This just makes sense. Startups almost always take longer and cost more money than expected. And raising a Series A round means having legitimate traction, which you won’t get in a few months after raising too little money. When you raise too little, you’re forced to get back out on the roadshow too quickly, which is a further distraction from building your business. It’s a death spiral.

Unfortunately, a lot of founders start by trying to raise too little. It’s particularly true in Canada (and I suspect other places outside of Silicon Valley and New York). The thinking is that it’s easier to raise a smaller amount (which is far from universally true!), and you can prove what you need to pretty quickly. Of course, you then hit some kind of snag, things don’t work out quite the way you wanted, and a few months in you realize you have to start fundraising again. But you haven’t proven enough and you’re stuck. I also think too many founders don’t have the guts to ask for more. Most of the time when I meet entrepreneurs about fundraising I tell them to raise more. Even if they don’t get what they’re asking for, it forces them to think bigger and act braver. Investors can tell when you’re hedging your bets, and they’re going to hedge theirs too (by not investing).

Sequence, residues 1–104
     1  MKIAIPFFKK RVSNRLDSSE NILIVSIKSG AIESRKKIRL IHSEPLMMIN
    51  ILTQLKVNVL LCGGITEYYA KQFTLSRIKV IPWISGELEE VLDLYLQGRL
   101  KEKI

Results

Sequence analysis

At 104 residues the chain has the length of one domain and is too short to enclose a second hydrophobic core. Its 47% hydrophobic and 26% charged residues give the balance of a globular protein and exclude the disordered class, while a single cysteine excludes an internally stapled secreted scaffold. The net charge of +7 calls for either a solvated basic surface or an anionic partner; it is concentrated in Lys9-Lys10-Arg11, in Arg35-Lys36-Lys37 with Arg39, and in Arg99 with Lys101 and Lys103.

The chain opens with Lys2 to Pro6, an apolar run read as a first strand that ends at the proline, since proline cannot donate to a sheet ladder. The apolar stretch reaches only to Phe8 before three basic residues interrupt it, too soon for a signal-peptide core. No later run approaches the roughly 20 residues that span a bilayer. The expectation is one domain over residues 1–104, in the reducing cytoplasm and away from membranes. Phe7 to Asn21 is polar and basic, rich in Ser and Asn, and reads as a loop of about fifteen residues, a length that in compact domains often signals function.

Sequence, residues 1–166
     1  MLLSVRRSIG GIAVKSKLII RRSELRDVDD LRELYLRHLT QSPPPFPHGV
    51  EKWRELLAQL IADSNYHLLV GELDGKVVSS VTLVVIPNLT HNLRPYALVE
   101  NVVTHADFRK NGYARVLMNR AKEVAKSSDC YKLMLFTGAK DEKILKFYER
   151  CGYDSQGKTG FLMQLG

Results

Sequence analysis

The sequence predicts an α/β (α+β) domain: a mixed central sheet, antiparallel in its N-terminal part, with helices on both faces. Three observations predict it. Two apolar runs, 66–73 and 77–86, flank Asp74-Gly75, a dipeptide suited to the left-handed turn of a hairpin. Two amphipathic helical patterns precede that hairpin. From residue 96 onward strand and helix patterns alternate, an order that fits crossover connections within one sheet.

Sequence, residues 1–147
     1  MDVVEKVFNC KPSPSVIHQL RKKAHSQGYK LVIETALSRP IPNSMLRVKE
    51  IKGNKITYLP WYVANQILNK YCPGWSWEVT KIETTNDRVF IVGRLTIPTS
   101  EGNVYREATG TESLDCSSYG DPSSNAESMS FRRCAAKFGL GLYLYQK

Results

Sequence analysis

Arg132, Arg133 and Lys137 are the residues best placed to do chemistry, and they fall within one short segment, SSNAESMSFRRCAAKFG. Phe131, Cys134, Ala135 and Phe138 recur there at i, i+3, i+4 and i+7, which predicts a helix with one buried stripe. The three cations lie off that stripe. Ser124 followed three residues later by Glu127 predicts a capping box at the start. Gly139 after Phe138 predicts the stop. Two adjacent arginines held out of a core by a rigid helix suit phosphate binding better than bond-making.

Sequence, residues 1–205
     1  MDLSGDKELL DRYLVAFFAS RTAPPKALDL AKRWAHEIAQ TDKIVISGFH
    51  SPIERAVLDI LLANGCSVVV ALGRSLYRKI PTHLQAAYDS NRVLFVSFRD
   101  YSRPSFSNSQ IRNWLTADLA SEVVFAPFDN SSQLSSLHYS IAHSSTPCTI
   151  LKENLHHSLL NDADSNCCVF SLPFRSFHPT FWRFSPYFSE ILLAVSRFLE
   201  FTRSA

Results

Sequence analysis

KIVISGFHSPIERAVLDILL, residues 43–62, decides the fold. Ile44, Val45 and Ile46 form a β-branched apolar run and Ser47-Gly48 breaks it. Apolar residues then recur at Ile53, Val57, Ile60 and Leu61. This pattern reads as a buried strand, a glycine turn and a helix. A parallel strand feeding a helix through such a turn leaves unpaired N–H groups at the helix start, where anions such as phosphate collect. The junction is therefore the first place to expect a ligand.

One thing that’s not clear about the research that Tomasz did is whether or not it includes the money that (some) startups receive after leaving an accelerator. That can amount to $100-$200k depending on the accelerator and the deal they have with investors. I don’t even look at that money as a seed financing–it might be the start of it, but it definitely shouldn’t be the sum total you raise at that stage. If you can’t get more than the guaranteed amount you get from leaving an accelerator, there’s a problem.

As an angel investor, looking at this data, it reemphasizes my interest in only participating in deals that raise enough capital. The risks are simply too great if you invest in a startup that’s only raising $200-$300k. There’s a very strong likelihood that the startup won’t make enough progress and they’ll come back too quickly for more money. So as a simple criteria — startups need to raise at least $500k for me to be really interested.

Tomasz has done everyone a valuable service by doing the research. If you raise too little (specifically < $300k) you've got a very small chance of raising a Series A. Financing doesn’t equal guaranteed success by any stretch of the imagination, but most startups need at least a couple rounds before they even have a chance of winning. If you can’t get to the starting line (e.g. raising enough seed capital, and then a Series A), why even bother? You need to ask for more capital. And I’ll re-emphasize this point for Canadian entrepreneurs. You need the vision, plan and team to believe that you’re worth more than a small seed round, which is likely dooming you before you’ve even started.

Photo courtesy of marinacast.

Ben Yoskovitz
I'm VP Product at GoInstant (acq. by Salesforce).

I'm also a Founding Partner at Year One Labs, an early stage accelerator in Montreal. Previously I founded Standout Jobs (and sold it).